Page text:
In Australia, the High Court in Campbells Cash and Carry Pty Ltd v Fostif Pty Limited  & Ors (2006) 229 ALR 58 found that the laws of champerty and maintenance were not relevant or applicable to litigation funding. Similarly, the High Court in New Zealand has recently indicated that it no longer sees maintenance and champerty as reasons to disallow funding. Justice Heath, in the decision of Auckland City Council as Assignee of Body Corporate No. 16613, Paul Borne Browne & Ors. v Auckland City Council & Ors High Court, Auckland 10 December 2007, discussed the challenge of the relevance of these torts to New Zealand courts. The Courts in both Australia and New Zealand seemingly continue to support this trend.

Legislature’s approach

Law makers in both countries have recognised the tension of the old laws versus the realities of today. In Australia, three States and one Territory have abolished the laws of maintenance and champerty as a crime and a tort. The laws of maintenance and champerty have never been a crime in New Zealand but as a tort Parliament seems to be now questioning their relevance. 

Recent legislative developments in New Zealand mean that class actions and litigation funding are set to become part of the fixed legal landscape. The High Court Rules Committee is in the process of finalising consultation on draft legislation and High Court Rules to support the bringing of class actions in New Zealand. The intention is to present these documents to the Minister towards the end of the first quarter of 2009.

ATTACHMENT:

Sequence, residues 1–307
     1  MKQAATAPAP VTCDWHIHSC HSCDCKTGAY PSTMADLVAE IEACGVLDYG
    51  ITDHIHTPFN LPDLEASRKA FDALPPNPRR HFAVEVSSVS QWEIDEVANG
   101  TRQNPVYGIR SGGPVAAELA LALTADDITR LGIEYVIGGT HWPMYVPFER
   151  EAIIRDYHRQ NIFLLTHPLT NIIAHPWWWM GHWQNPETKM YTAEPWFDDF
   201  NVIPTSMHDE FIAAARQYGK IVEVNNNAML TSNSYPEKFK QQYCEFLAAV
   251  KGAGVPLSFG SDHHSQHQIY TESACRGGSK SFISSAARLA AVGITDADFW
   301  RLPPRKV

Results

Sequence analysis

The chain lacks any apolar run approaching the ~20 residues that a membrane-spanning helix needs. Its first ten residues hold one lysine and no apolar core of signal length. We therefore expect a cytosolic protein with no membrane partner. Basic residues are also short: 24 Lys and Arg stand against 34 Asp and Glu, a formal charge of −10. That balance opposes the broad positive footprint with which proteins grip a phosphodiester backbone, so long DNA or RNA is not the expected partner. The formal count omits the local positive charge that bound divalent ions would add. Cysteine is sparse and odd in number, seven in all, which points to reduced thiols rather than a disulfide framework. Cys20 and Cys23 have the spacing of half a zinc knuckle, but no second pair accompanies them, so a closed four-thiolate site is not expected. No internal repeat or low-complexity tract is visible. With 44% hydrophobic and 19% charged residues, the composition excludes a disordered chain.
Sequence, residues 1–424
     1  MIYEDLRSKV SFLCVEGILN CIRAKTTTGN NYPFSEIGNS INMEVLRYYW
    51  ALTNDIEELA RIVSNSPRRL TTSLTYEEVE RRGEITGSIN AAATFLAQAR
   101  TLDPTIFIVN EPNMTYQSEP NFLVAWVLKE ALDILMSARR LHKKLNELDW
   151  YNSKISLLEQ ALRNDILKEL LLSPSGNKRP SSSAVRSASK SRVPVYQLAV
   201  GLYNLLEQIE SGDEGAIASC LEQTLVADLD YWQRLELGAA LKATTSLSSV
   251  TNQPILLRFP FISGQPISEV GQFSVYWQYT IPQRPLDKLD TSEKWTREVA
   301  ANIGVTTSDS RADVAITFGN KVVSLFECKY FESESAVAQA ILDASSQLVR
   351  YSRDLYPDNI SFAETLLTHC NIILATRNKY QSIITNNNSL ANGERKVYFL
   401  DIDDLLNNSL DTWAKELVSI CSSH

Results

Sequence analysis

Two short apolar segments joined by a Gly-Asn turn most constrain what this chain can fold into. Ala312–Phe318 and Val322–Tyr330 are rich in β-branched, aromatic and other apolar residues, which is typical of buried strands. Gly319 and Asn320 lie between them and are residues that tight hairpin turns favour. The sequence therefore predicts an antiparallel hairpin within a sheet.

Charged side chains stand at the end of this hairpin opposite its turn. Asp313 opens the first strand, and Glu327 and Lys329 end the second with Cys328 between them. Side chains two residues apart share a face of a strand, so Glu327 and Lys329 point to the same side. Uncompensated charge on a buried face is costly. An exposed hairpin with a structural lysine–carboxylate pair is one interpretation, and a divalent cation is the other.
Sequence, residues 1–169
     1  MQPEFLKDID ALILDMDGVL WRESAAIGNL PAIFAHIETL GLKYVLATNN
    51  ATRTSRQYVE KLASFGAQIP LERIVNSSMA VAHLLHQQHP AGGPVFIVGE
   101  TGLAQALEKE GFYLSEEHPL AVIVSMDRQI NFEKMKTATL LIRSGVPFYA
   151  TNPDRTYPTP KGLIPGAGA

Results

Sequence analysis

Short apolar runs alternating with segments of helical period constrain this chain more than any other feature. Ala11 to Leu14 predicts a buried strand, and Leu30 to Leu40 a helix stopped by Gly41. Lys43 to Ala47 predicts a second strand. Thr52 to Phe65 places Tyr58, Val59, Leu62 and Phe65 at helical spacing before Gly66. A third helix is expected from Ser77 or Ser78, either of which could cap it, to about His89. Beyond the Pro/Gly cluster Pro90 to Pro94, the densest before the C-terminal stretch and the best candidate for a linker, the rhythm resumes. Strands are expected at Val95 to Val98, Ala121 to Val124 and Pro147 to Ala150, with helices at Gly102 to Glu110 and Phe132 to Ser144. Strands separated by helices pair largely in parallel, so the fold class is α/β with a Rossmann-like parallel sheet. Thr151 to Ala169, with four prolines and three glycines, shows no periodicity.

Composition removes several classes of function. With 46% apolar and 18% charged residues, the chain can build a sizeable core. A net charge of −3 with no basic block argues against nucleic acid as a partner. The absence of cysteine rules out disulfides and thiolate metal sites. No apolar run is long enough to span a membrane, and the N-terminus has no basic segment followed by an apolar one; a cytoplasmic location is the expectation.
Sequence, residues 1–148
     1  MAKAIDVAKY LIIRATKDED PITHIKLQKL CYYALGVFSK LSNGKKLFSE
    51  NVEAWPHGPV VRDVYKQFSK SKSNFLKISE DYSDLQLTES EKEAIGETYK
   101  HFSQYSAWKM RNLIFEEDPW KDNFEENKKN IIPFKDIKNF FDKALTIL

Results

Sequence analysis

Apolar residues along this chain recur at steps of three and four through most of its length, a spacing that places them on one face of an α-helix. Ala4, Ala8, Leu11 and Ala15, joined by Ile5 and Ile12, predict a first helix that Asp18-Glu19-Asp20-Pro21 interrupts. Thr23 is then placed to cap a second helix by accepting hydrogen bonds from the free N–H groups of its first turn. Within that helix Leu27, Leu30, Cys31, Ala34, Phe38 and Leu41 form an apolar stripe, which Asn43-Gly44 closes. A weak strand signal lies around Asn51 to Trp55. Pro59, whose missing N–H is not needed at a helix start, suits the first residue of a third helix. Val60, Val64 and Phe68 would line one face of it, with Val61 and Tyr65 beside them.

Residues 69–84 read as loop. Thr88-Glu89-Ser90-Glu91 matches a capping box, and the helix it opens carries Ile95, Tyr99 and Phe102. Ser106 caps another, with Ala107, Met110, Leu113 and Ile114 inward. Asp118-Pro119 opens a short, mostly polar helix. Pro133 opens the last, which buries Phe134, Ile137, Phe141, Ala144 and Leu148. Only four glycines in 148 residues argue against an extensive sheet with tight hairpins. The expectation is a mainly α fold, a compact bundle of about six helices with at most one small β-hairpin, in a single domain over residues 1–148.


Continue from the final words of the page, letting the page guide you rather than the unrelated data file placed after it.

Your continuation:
The draft legislation sets out a class action regime similar to the Australian model, and allows for both “opt-out” and “opt-in” actions.  If passed, this legislation, together with the growth of litigation funding could well bring about a significant increase in class actions in New Zealand.

Legislation for class actions has been in force in Australia for many years. There is still debate in Australia about legislative controls over litigation funders.

Commercial litigation funding companies in Australia are steadily increasing In number, one has recently publicly listed and one has crossed the ditch to start operations in New Zealand, no doubt, with more to follow.

The time is ripe for litigation funding to gather steam. For the funder, it is purely an investment decision and potentially a sound one given the lack of other investment options at the moment.

For the funded party it presents a chance to level the playing field. While this may be meritorious on the one hand, the impact of increased litigation will have a number of negative spinoffs including strain on the case load of the judiciary, increased insurance premiums particularly in the field of directors and officers’ liability insurance and, aside from the financial consequences, an emotional toll on litigators.

We should all remember the following: “Litigation:  A machine which you go into as a pig and come out of as a sausage” – Ambro Bierce 1842-1914.

Belinda Barclay is an associate at New Zealand firm Wynn Williams & Co and is a former Australian lawyer.